Specialized Turbo Tero review: Putting power behind the pedal - MrLiambi's blog


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Monday, 2 May 2022

Specialized Turbo Tero review: Putting power behind the pedal

Specialized has expanded its Turbo family, with the Turbo Tero designed as an electric bike that will suit those who want something for all conditions - be that a ride to work during the week, or heading offroad at the weekend.

As such, the range is now aimed at those who want a bike that's a little more active than the Turbo Vado, but not as extreme as the Turbo Kenevo or Turbo Levo, which both offer full suspension.

There are three versions of the Turbo Tero - 3.0, 4.0 and 5.0 - with the top-end 5.0 on review here. This naturally brings three pricing points with slightly different component specs across the models.

So, is the model you should be opting for, or should you look elsewhere in the electric bike market? Let's find out.


  • Weight: 22.7kg
  • Frame: E5 aluminium
  • Fork: RockShox Recon Silver RL

The Turbo Tero is a hardtail design, so there's no suspension at the rear of this aluminium frame. It's chunky, thanks to the battery incorporated into the downtube, and the motor in the hub, but that placement means you don't have excessive weight over the back wheel where some commuter bikes choose to place the battery.

Sitting on 29-inch wheels, this is a big bike, with 750mm handlebars and a pretty long wheelbase, too. Sitting at the entry-point to Specialized's Turbo mountain bikes, it's a step away from the company's "active" models, which are more practically geared towards commuters.

So, those looking at the Turbo Tero are likely to be those who want an all-rounder - something that will handle some offroad adventure without going into the extremes - or the higher prices - of the Turbo Kenevo models that are a step up.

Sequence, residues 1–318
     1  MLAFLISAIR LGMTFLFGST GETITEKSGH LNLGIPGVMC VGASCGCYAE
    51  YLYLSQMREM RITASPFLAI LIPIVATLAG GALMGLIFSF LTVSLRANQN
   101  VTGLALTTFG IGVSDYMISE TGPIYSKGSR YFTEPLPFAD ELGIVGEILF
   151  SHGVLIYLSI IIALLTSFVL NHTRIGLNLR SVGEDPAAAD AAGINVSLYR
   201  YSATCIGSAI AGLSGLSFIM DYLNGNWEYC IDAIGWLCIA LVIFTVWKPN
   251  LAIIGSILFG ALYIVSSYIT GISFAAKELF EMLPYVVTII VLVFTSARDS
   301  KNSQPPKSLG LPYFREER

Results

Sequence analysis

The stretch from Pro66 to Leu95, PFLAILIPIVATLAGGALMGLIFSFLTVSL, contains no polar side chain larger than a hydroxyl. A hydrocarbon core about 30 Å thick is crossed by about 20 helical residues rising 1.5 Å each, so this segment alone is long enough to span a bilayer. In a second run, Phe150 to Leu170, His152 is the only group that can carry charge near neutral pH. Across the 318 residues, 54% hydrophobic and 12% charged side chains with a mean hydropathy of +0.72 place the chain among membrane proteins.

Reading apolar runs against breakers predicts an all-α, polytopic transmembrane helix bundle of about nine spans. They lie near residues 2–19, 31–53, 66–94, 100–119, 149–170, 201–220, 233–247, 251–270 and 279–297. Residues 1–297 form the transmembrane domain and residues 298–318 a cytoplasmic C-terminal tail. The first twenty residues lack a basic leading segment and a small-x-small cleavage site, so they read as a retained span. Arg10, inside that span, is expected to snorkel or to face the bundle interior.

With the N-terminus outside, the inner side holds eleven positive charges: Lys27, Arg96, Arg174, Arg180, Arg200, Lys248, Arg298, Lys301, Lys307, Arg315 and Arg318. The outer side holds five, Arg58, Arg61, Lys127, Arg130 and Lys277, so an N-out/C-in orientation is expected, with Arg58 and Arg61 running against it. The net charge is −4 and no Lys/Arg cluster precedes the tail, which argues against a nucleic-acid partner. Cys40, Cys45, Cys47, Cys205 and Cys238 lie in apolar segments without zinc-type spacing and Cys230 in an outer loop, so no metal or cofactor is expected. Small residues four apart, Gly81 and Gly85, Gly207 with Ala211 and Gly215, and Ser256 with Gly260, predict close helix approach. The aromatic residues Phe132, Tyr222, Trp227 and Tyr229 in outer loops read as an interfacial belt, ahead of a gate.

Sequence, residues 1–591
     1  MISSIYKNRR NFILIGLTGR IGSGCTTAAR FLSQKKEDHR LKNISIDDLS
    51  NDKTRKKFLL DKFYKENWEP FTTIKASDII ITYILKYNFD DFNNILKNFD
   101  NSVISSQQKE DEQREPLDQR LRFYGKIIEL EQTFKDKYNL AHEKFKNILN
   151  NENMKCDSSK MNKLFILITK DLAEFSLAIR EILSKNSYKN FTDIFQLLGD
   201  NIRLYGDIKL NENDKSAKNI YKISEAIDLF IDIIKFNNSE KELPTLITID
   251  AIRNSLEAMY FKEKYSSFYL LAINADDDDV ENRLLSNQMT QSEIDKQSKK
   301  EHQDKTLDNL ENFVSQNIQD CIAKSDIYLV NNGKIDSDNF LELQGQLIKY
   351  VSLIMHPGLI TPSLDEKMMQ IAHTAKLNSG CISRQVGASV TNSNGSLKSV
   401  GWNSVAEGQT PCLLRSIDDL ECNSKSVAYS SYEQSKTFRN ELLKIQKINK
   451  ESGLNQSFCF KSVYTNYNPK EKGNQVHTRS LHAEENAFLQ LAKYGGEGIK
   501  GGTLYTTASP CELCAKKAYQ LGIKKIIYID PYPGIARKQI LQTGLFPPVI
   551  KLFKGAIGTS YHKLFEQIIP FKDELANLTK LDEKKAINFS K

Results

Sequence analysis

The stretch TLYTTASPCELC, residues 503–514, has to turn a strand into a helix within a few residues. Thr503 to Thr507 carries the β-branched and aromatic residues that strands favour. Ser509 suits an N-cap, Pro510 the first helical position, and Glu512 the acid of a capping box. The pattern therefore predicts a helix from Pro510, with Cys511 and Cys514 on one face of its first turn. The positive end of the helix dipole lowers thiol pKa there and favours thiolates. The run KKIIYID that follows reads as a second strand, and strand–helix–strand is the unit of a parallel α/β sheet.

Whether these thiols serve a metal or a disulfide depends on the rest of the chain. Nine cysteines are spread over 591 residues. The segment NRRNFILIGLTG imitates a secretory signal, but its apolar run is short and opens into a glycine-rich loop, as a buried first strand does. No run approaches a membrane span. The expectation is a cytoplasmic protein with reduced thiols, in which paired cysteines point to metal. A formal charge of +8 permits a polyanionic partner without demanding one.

There's a TranzX dropper seatpost on this model alongside mounting points for a rear mudguard, raising the question of whether you're likely to be using both of those features. Specialized seems to be covering all bases here. Indeed, there's a step-through version, too, including the option for a rear rack, so this really is a bike that can do everything.

There's also a weight of 22.7kg, which is heavy for a bike, but actually a little lighter than the Turbo Kenevo, the next level up. But this isn't road biking, and concerns about hauling that weight uphill are abated by the fact that the excess weight brings additional power.

It rolls on 29-inch Stout XC29 wheels, with a 200mm disc rotor on the front and 180mm on the rear. Both are part of the SRAM G2 system, and this is one area where opting for the Tero 3.0 or 4.0 makes a difference, as they get a Shimano Alivio or SRAM NX drivetrains, respectively.

However, at the top level, you have an 11-speed SRAM GX groupset, with 11-42 cassette and a single 36T chainring at the front, as seen here.

Ride and range

  • Specialized 2.2 motor, 90Nm torque
  • 710Wh battery (Tero 5.0)
  • Handlebar display

Specialized is keen to talk about the fact that the power system here is its own work, rather than this being one brought in from elsewhere. Although, at its core, it functions just like other e-bikes, giving you a power assist when pedalling.

This is also another area where the models of Tero differ, as you get progressively more power and increased battery capacity as you step up the scale. That means that the Tero 5.0 is able to offer greater assistance.

Everything is controlled through the handlebar-mounted display, with some controls located on the left-hand grip. This lets you change what's shown on the display (range, power, distance travelled and so on), while also allowing you to shift up and down through the power modes.